Not many countries with two million people and an area of 20, 0000 sq. km have played in the 2010 World Cup, and are attracting thousands of visitors to the Slovenian pavilion in Shanghai designed around the fact that its capital Ljubljana is also this year’s UNESCO World Book Capital.
Companies that want to relocate or set up subsidiaries in a country with good growth prospects where starting a business is easy, investor protection is high, both labour and taxation are value for money and life is great, will find Slovenia to be a location of choice.
Gradual economic recovery is on track after experiencing the flipside of Slovenia’s economy relying too much on exports and investment in infrastructure projects. The Slovenian government has scaled back new infrastructure projects and new loans by state-controlled banks on the one hand and on the other its measures for overcoming the credit crunch and revive corporate investment and household consumption have been successful. The action plan for reducing red tape in order to facilitate foreign direct investment, as well as entrepreneurship and competitiveness, is bearing fruit. According to the Doing Business 2010 data, Slovenia is 53rd out of 183 economies and knowing that it is still “work-in-progress”, investors can look forward to a VIP treatment.
A wealth of experience
Slovenia’s pro-enterprise and innovative environment makes it a high-value location and a production platform strategically placed to serve customers in the distant markets with the ease enjoyed when serving customers in the regional markets. In addition to Slovenia’s strategic location and its position between the most developed countries and the emerging economies, the country’s overall cost structure is highly competitive: infrastructure, utilities, labour, tax … Corporate income tax rate in Slovenia is 20 percent in 2010 (10 percent for companies that operate in special economic zones) and there is no payroll tax. As regards Slovenia’s workforce, there is a pool of talented people with technical expertise, knowledge of foreign languages and minds that fear no challenge.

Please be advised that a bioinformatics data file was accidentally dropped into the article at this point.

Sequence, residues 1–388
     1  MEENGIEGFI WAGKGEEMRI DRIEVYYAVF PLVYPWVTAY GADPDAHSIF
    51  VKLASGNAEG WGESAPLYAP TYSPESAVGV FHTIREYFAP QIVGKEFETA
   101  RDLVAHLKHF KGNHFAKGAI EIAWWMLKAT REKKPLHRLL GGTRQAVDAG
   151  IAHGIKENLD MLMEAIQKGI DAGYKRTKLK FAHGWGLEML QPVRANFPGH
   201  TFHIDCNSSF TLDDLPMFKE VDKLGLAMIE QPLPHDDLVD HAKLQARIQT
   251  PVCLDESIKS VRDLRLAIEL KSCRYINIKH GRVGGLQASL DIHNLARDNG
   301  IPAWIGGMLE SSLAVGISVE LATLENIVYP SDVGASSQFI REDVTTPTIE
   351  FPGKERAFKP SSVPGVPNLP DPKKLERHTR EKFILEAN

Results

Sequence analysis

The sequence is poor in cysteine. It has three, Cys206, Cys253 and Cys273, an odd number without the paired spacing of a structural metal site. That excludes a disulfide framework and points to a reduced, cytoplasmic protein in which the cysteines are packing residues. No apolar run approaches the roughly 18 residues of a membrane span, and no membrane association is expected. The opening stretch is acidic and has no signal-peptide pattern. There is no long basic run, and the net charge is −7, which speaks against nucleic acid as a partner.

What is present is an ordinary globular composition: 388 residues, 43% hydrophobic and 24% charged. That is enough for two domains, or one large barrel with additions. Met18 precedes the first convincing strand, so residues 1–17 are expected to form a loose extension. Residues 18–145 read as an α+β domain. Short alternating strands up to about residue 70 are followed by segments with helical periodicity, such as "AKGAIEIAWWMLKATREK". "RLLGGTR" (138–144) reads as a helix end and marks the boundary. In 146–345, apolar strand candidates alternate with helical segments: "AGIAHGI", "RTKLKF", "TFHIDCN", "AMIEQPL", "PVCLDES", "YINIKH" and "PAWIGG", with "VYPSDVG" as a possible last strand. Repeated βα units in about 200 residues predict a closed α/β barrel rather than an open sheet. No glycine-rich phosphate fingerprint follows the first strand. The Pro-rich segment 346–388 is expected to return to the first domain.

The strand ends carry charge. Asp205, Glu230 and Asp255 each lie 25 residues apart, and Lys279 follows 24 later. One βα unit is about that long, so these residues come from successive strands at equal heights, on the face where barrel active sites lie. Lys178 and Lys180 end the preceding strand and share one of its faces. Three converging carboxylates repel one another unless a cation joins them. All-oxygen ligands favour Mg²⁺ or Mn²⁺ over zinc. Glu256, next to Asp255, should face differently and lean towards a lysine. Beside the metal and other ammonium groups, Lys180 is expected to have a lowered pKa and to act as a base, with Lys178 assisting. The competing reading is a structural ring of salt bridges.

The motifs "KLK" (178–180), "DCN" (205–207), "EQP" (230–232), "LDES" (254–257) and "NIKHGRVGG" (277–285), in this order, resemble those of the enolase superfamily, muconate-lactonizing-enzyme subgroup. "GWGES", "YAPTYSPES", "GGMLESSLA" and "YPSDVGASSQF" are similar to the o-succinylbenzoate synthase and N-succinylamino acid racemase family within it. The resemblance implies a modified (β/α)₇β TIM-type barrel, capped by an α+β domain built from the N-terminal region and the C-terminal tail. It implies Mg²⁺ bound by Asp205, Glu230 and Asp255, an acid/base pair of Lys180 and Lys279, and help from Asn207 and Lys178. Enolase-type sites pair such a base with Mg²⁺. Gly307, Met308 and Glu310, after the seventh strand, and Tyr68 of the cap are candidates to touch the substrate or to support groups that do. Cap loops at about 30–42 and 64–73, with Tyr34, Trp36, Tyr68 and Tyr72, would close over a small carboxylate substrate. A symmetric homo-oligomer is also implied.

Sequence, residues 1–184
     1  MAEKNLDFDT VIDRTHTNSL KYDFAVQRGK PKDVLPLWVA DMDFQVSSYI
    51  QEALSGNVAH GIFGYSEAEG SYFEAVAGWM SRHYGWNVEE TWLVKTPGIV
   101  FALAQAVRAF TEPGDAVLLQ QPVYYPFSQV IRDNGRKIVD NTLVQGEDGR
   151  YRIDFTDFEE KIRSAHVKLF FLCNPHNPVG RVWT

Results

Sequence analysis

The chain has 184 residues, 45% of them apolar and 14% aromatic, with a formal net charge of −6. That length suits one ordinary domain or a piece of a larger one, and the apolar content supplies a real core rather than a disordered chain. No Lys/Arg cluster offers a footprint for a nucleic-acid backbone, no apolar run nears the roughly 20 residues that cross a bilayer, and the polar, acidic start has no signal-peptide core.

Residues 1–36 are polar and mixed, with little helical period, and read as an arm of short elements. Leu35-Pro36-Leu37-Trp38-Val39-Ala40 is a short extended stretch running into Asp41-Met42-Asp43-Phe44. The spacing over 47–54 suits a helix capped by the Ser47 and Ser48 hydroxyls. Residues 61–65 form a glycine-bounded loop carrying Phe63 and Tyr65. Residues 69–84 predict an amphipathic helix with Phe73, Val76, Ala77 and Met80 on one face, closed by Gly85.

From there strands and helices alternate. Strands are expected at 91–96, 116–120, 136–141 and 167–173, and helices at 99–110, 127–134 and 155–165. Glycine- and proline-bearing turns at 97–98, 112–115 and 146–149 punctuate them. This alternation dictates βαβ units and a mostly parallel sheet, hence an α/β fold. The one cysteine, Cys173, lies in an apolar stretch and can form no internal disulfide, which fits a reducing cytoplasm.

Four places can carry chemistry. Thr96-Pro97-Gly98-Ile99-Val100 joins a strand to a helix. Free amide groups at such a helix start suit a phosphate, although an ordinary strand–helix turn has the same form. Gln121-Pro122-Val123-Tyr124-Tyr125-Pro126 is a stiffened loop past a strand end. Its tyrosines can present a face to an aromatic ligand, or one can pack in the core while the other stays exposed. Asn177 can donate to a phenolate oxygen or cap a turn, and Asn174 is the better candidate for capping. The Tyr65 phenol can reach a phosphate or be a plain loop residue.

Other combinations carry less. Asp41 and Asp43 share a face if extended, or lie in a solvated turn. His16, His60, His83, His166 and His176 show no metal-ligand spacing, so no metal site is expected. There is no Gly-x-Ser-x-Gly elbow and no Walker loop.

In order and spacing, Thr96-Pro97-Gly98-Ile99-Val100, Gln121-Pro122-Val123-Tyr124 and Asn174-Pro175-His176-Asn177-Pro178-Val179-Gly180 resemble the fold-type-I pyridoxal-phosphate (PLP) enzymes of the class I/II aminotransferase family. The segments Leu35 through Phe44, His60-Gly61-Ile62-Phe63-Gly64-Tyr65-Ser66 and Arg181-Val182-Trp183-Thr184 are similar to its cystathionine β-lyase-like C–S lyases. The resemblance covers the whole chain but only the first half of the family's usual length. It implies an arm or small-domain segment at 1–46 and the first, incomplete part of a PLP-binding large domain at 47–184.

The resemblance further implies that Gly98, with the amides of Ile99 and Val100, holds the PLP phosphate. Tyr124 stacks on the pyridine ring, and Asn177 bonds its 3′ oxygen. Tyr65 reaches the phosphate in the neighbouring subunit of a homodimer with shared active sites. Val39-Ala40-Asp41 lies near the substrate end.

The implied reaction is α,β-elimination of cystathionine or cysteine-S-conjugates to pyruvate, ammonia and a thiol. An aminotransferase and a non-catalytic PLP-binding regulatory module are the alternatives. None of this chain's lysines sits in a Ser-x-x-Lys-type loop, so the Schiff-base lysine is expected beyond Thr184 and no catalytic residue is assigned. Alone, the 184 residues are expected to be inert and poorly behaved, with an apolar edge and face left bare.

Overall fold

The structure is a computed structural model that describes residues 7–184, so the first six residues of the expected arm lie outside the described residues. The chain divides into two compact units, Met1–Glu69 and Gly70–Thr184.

Investors will appreciate local availability of supply network and industry clusters, and availability of raw materials: wood, metals, agricultural products. The steadily improving fiscal and incentive regimes spell out success for those looking for the “regional approach” – an opportunity for foreign investors to serve the markets of the Western Balkans but also of East Europe. A host of innovative small companies often born as a result of the structural reforms of the Slovenian economy famous for large manufactures in a wide range of both light and heavy industries, illustrate the flexibility of the country and its people. A long industrial tradition in the country equally proud of its artisans and artists has made Slovenian products highly praised objects in households, on the road, at sea and in the air.
Whether investors come up with a greenfield or a brownfield project that requires development or redevelopment, Slovenia has to offer the facilities, knowledge and experience to handle every aspect of investors’ requirements.
Investors will benefit from a professional and competitive approach and a host of free-of-charge complementary services provided by the highly trained staff of JAPTI, Public Agency of the Republic of Slovenia for Entrepreneurship and Foreign Investments. A bespoke service for foreign investors and entrepreneurs, JAPTI puts specialised experts at investor service to work with them to help plan and launch investment projects. Slovenia may not be able to quote a couple of thousand of well-known international corporations with operations on its soil, but there is a couple of hundred of foreign-owned companies and they are here to stay.
Slovenia’s competitive strengths for FDI
– Political and economic stability.
– Membership of EU, NATO, euro zone, OECD, IMF.
– A geostrategic location at the heart of the enlarged EU.
– Well-developed general and ICT infrastructure and a deep-sea port in Koper.
– Highly- skilled and dedicated workforce: 60 percent of 25-65-year-olds have secondary education, 23 percent have higher and high education. English, German and Italian are widely spoken.
– The foreign direct investment in Slovenia has mainly targeted the financial and service sectors (20 percent), the chemical sector (16 percent) and the retail sector (14 percent).
For more information Tel: +386 (0) 1 5891 870; Email: email@example.com; www.InvestSlovenia.org